In Partnership with 74

Berens: With students learning remotely from home, now is a great time for parents to teach their children a better work ethic

Kimberly Nix Berens | June 15, 2020

Your donation will help us produce journalism like this. Please give today.

(Getty Images)

With every breakdown comes the possibility of a breakthrough. I live by these words in my personal life as a parent and spouse; in my professional life as a mentor and parent coach; and in my career as a scientist-educator working with kids. Breakdowns are a part of life. They offer powerful learning opportunities.

We are experiencing a breakdown the likes of which none of us have seen before, and we are all suffering the effects, some more tragically than others. None of this has been easy for any of us — especially parents. So as we simultaneously juggle our full-time roles as professionals, parents, housekeepers, chefs, foragers and teachers, here is some advice around how to take charge of this moment and the learning environment, and to help your child learn some critical skills. We often take for granted that kids will learn no matter what, and if they don’t, we assume something must be wrong with them. However, nothing could be further from the case.

A major detriment to learning and performance occurs when work time becomes difficult to distinguish from break time. An arrangement where kids might be simultaneously working on an assignment, daydreaming and playing on their phone sets the stage for bad study habits — and a lot of parental nagging.

Kids need clear signals. Kids need structure and boundaries established such that they can effectively complete assignments and acquire strong study skills. So, make sure your child’s workspace is free from distractions. Remove their phones. The only electronic device they should have access to is what they need to complete the assignment. Make sure the workspace is well lit and free from clutter, and that there are a stable chair and a sturdy desk or table to work on.

Once you create a proper workspace, make sure your child always works in that space and never does anything else there. That space should signal work time. It should be associated with working and being productive, which makes the transition from break time to work time a lot easier. Surfing the web, texting, checking social media or anything else not school-related should take place away from the workspace.

One game-changing tool for helping kids to be more focused and productive during schoolwork is a timer. It is the most effective way to create a clear distinction between work time and break time. Kids shouldn’t be expected to work for unlimited periods, or even until they have completed an assignment. They need to learn how to work for longer periods of time without stopping.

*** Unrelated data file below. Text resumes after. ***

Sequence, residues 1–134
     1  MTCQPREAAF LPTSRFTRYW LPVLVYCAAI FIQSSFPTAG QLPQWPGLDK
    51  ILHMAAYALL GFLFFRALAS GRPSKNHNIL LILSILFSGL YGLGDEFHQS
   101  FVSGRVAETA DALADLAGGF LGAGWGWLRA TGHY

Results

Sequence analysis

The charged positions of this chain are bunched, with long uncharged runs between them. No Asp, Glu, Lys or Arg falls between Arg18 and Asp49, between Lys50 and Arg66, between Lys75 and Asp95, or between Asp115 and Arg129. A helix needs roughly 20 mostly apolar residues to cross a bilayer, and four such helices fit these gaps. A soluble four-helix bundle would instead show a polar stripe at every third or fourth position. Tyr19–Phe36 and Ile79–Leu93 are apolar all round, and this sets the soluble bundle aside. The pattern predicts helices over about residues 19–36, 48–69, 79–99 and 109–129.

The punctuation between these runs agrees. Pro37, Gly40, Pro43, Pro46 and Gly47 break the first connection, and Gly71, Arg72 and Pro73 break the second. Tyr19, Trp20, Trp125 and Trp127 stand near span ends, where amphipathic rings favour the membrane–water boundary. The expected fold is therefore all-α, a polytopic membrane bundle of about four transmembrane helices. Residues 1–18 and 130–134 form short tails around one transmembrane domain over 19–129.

So, time how long it takes for your child to go off task — staring into space or fidgeting with something. Once you have that period identified, set the timer for that amount of time and instruct your child to work consistently until it goes off. Make it clear that if they go off task, you are resetting the timer — and that if they work until the timer goes off, they’ll earn a break away from their workspace to check their phone, stretch their legs, get a drink or play.

You can also set the timer for the break period, for as many minutes as you see fit in relation to how long your child actually worked. Shorter work periods should equal shorter breaks; longer work periods should equal longer breaks.

When your child successfully completes several work/break periods in a row, gradually increase the work time. Keep track of how long the new work period is and reward your child with praise and longer breaks for completing it. You should continue training your child in this way until he or she is working continuously for 30 minutes before earning a break. I find that kids usually max out at 30 minutes. Once kids get better at working, they tend to not want to stop once they’ve started. It’s a pretty awesome moment when that happens.

Kids need to learn how to work effectively. Taking this opportunity to train them to work hard, to be productive and focus can yield amazing opportunities — not least because when your kids learn to effectively work on their own, that frees you up to focus on your own work.

Putting forth some effort now can change the course of your child’s life forever. Not only are you imparting strong study skills, you are establishing a strong work ethic — the kind of skill that enables people to make a profound difference in the world. Your child just might become that remarkable person who ends up saving us all from the next pandemic.

Kimberly Nix Berens, Ph.D., is founder of Fit Learning, an international outcome-driven, mastery-based method of instruction that combines 20 years of experience with cutting-edge science.

Read Next